Get access to the full version of this content by using one of the access options below. (Log in options will check for institutional or personal access. Content may require purchase if you do not have access.)

References

Altken, M.J. 1990. Science-based dating in archaeology. Longman: London.Google Scholar
Altken, M.J. 1994. Optical dating: a non-specialist review, Quaternary Science Reviews 13: 503–8.CrossRefGoogle Scholar
Allen, J. 1994. Radiocarbon determinations, luminescence dating and Australian archaeology, Antiquity 68: 339–43.CrossRefGoogle Scholar
Allen, J. & Holdaway, S.. 1995. The contamination of Pleistocene radiocarbon determinations in Australia, Antiquity 69: 101–12.CrossRefGoogle Scholar
Bard, E., Arnold, M., Fairbanks, R.G. & Hamelw, B.. 1993. 230Th-234U and 14C ages obtained by mass spectrometry on corals, Radiocarbon 35: 191–9.CrossRefGoogle Scholar
Bell, W.T. 1991. Thermoluminescence dates for the Lake Mungo Aboriginal fireplaces and the implications for radiocarbon dating, Archaeometry 33: 4350.CrossRefGoogle Scholar
Boëda, E., Connan, J., Dessort, D., Muhesen, S., Mercier, N., Valladas, H. & Tisnérat, N.. 1996. Bitumen as a hatting material on Middle Palaeolithic artefacts, Nature 380: 336–8.CrossRefGoogle Scholar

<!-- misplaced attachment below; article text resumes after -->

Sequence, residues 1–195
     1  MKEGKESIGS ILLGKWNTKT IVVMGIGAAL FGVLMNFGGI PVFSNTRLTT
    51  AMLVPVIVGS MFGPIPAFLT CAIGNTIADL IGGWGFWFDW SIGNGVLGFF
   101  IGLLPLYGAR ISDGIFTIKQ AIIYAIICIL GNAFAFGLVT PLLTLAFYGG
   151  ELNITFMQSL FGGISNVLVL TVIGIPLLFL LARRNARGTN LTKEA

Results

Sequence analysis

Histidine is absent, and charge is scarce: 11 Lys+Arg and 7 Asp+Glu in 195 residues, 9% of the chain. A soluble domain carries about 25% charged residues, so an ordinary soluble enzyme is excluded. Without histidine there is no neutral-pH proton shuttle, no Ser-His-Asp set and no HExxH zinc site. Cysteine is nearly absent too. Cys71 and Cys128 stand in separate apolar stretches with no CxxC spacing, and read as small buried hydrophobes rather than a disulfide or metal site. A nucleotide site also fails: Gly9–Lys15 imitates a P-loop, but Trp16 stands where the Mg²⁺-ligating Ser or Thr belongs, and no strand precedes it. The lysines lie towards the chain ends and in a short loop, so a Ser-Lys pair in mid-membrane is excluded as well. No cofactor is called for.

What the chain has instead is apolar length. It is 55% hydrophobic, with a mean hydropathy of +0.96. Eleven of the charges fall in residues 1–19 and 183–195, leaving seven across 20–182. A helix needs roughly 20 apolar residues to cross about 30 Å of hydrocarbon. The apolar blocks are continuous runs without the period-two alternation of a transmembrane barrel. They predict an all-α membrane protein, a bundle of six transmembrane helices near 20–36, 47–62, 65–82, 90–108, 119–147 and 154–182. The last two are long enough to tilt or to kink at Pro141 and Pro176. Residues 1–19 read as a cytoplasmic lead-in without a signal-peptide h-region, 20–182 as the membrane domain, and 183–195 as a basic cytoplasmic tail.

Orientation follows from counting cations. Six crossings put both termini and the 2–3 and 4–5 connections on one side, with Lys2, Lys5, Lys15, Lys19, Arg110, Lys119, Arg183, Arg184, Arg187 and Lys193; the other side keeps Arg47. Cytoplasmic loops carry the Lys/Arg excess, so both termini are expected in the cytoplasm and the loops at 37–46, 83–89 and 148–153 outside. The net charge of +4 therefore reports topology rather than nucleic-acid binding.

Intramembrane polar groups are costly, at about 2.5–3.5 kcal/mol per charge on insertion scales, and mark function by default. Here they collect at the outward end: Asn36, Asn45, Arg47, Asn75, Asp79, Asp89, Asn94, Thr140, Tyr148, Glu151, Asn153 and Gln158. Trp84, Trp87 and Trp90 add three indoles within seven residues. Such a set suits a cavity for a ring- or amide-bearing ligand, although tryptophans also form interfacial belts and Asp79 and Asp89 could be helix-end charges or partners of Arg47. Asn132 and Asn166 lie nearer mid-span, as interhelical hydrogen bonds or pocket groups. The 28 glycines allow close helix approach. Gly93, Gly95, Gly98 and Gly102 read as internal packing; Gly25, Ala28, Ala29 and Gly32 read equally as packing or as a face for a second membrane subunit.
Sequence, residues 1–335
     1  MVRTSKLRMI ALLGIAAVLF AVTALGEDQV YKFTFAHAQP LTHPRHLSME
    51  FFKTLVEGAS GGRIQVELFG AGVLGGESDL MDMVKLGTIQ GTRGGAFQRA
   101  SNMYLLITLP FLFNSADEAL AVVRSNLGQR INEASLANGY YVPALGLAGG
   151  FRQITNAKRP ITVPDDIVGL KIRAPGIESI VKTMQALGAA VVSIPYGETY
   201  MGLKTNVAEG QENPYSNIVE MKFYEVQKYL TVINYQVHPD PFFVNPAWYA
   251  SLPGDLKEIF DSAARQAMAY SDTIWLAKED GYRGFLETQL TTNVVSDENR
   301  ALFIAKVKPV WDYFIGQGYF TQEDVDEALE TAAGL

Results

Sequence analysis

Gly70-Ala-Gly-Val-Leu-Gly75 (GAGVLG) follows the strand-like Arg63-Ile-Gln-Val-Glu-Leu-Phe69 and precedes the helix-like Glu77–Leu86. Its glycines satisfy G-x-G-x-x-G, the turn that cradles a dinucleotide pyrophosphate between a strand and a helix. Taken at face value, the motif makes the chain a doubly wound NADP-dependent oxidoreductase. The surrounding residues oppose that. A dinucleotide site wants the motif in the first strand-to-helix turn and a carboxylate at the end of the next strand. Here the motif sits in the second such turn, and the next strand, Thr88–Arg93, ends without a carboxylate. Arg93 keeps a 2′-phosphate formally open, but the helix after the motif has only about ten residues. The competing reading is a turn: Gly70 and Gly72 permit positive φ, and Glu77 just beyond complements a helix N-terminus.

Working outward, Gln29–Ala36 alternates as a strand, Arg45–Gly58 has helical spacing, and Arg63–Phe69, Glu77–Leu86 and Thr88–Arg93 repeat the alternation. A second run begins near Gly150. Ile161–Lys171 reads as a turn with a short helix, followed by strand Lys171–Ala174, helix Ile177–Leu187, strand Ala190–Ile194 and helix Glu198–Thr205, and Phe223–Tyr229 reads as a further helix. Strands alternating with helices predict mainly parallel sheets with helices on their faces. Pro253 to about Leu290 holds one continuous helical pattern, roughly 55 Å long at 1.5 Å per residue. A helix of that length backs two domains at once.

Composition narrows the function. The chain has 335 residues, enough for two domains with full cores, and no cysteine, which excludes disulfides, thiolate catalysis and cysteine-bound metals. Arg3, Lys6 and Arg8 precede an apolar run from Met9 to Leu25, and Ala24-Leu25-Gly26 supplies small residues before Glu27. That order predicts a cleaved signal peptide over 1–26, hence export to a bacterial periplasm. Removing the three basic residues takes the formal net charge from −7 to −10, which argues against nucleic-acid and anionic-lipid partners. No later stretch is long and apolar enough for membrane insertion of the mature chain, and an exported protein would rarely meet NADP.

Brumby, S. 1992. Regression analysis of ESR/TL dose-response data, Nuclear Tracks and Radiation Measurements 20: 595–9.CrossRefGoogle Scholar
Chappell, J., Head, J. & Magee, J.. 1996. Beyond the radiocarbon limit in Australian archaeology and Quaternary research, Antiquity 70: 543–53.CrossRefGoogle Scholar
David, B. 1993. Nurrabullgin Cave: preliminary results from a pre-3 7,000 year old rocksheiter, Archaeology in Oceania 28: 5054.CrossRefGoogle Scholar
Duller, G.A.T. 1995. Luminescence dating using single aliquote: methods and applications, Radiation Measurements 24: 217–26.CrossRefGoogle Scholar
Fullagar, R. & David, B.. In press. Defining site use over >37,000 years of occupation at Ngarrabullgan Cave (Australia): residue and use wear analyses of stone artefacts, Cambridge Archaeological Journal.37,000+years+of+occupation+at+Ngarrabullgan+Cave+(Australia):+residue+and+use+wear+analyses+of+stone+artefacts,+Cambridge+Archaeological+Journal.>Google Scholar